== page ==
Stigma – Facts & Myths About Mental Illness


What is Stigma?

Stigma is made up of two parts: negative and unfavorable attitudes, and negative behaviours that result from those attitudes. People living with a mental illness often experience stigma through:

  • Inequality in employment, housing, educational and other opportunities which the rest of us take for granted
  • Loss of friends and family members (the social and support network)
  • Self-stigma created when someone with a mental illness believes the negative messages

Stigma is a major barrier that prevents people with mental health issues from seeking help. Many people living with mental illness say the stigma they experience is often worse than the illness itself.
A McGill University researcher has found that almost 40% of news articles about mental illness focus on danger, violence and criminality and only 12% of articles take an optimistic tone.  That is stigma.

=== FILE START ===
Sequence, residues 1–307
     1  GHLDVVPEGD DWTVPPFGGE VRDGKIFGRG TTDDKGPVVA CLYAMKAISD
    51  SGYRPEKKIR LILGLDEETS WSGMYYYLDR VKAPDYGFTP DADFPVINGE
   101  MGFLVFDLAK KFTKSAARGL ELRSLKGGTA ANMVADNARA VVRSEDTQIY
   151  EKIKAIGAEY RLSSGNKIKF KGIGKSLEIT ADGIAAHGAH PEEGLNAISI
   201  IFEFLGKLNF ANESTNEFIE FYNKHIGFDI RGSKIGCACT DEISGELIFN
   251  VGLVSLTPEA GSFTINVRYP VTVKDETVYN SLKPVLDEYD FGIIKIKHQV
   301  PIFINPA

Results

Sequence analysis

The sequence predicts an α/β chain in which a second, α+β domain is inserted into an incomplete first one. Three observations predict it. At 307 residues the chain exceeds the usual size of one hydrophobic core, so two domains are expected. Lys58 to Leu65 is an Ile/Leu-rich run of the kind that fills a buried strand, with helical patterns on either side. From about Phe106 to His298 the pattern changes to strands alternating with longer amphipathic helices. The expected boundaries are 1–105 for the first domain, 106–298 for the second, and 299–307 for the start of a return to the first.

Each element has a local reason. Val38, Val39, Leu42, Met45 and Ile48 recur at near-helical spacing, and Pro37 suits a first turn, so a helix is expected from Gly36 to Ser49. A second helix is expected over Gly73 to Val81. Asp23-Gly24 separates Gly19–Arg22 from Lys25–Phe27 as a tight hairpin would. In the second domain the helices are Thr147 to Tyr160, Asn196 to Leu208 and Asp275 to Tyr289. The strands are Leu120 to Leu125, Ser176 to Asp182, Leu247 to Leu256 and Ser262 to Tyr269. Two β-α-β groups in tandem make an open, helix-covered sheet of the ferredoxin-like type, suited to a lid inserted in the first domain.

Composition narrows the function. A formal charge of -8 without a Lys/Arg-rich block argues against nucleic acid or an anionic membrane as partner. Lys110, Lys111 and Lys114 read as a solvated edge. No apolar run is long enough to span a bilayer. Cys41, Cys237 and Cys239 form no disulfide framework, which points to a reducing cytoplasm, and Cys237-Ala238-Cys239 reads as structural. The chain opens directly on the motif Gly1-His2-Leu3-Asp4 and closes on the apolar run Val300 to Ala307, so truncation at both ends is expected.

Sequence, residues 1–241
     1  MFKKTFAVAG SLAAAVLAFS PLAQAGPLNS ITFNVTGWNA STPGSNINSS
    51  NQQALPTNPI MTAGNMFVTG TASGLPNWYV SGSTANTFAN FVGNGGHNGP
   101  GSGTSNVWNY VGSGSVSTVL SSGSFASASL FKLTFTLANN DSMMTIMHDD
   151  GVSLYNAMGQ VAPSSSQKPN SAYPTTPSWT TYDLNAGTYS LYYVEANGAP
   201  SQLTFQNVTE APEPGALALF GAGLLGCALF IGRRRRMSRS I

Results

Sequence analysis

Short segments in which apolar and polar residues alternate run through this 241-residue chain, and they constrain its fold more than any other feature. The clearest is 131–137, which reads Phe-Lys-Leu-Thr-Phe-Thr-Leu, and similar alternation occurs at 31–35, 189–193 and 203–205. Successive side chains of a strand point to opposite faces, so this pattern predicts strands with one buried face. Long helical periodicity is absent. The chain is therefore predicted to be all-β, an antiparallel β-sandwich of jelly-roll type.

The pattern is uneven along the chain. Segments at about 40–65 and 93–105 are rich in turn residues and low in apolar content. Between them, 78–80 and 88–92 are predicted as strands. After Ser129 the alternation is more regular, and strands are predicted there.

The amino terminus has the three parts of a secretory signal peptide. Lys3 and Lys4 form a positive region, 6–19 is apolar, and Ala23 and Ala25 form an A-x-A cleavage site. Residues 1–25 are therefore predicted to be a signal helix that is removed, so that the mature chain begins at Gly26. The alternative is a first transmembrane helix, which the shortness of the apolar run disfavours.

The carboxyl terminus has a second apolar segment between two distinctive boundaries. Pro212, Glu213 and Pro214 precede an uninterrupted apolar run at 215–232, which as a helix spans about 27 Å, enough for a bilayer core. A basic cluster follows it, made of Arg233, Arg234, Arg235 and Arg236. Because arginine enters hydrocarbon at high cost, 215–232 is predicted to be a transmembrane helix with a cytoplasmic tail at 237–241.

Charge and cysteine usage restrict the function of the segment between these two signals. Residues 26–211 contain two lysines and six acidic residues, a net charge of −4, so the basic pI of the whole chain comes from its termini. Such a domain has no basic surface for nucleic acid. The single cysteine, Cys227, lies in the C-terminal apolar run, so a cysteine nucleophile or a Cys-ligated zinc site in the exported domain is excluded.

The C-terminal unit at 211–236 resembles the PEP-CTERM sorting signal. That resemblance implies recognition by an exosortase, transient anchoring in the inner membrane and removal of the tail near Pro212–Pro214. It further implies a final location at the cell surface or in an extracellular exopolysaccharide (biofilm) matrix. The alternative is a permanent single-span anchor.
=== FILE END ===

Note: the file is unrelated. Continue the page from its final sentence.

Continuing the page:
“The media has considerable influence on shaping public opinion,” says Micheal Pietrus, director of the Mental Health Commission of Canada’s Opening Minds program. “Negative depictions of mental illness in the media can play a role in perpetuating stereotypes and misconceptions.”

 Myths About Mental Illness and the Facts  

A number of myths have lead to misunderstandings about mental illness preventing many people from seeking and getting help when they need it.

• People with mental illness are violent and dangerous. Not true. People with mental illness are no less apt to be violent that any other segment of society. Rather, people with mental illness are more likely to be victims of violence.
• People with mental illness are less intelligent. Not true. Many studies show that people with mental illness have average or above average intelligence.
• Mental illness is caused by a character flaw or personal weakness. Not true. Mental illness is the same as a physical illness caused by genetic, biological and environmental factors.
• Mental Illness is a single, rare disorder. Not true. It is not a single disease but a broad classification for a range of disorders.